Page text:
There is a question that keeps recurring in Christian thought: "Is Jesus subordinate to God?" Since the question of whether a human is subordinate to God is, at face value, absurd, sometimes the related question is asked instead, "Is the Word of God subordinate to God?" This is considered an equivalent question by those who believe that Jesus is the incarnate Word of God. The second framing of the question may come closer to the point, since the intended question tends to be less about Jesus' humanity and more about the eternal nature of God and of the Word of God.
Here we look at some examples of how the early church came to understand the Word of God in relation to God, focusing on some writers from the 100's AD:
And His Son, who alone is properly called Son, the Word, who also was with Him and was begotten before the works, when at first He created and arranged all things by Him, is called Christ, in reference to His being anointed and God’s ordering all things through Him (Justin Martyr, died around 165 AD)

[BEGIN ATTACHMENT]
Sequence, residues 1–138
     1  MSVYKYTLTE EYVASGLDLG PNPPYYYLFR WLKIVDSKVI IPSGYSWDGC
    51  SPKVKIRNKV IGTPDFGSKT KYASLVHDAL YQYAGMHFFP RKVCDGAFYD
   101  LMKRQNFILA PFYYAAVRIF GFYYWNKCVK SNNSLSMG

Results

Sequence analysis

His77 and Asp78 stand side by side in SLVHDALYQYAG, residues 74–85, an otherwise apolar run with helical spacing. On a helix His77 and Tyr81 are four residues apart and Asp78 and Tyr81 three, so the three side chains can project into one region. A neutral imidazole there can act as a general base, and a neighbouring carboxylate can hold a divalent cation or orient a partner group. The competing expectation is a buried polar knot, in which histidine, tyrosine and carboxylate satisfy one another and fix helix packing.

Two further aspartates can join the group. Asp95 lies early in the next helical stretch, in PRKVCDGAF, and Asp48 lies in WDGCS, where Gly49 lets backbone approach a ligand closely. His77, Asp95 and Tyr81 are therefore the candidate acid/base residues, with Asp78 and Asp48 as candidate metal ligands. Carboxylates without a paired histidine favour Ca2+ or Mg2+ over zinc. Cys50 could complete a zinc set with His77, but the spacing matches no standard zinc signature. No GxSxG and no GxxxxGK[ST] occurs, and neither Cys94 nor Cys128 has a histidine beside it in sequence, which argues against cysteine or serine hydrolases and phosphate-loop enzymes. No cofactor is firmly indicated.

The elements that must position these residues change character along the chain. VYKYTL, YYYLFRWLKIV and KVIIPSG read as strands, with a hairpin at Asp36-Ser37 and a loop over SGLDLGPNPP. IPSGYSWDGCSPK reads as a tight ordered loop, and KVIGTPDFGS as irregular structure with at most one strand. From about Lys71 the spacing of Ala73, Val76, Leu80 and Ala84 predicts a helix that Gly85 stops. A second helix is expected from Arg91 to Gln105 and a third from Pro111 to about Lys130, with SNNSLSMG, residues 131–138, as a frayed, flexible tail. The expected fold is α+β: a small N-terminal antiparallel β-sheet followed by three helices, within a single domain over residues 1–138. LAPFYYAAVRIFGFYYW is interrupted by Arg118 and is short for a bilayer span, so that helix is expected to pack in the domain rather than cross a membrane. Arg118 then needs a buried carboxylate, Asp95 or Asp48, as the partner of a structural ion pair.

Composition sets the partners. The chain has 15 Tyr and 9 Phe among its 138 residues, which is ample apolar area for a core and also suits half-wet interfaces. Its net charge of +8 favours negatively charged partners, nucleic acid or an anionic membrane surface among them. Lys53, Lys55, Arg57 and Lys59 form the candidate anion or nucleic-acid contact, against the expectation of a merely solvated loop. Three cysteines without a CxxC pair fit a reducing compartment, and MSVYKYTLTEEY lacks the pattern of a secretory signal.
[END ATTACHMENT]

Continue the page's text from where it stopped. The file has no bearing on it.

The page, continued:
But this Offspring, which was truly brought forth from the Father, was with the Father before all the creatures, and the Father communed with Him; even as the Scripture by Solomon has made clear, that He whom Solomon calls Wisdom, was begotten as a Beginning before all His creatures and as Offspring by God, who has also declared this same thing in the revelation made by Joshua the son of Nave (Nun) (again Justin Martyr, died around 165 AD)
But the Son of God is the Logos of the Father, in idea and in operation; for after the pattern of Him and by Him were all things made, the Father and the Son being one. And, the Son being in the Father and the Father in the Son, in oneness and power of spirit, the understanding and reason (νοῦς καὶ λόγος) of the Father is the Son of God. But if, in your surpassing intelligence, it occurs to you to inquire what is meant by the Son, I will state briefly that He is the first product of the Father, not as having been brought into existence (for from the beginning, God, who is the eternal mind [νοῦς], had the Logos in Himself, being from eternity instinct with Logos [λογικός]); but inasmuch as He came forth to be the idea and energizing power of all material things. (Athenagoras of Athens, died around 190 AD)
In these examples, the idea that the Son is the Word of God is taken fairly literally, in context of some different philosophical and theological ideas about the Logos (λόγος). I have not seen any areas of tension between these writings and the Bible, though as the Catholic Encyclopedia notes there are some areas of tension between these writings and later orthodoxy.
To be continued ...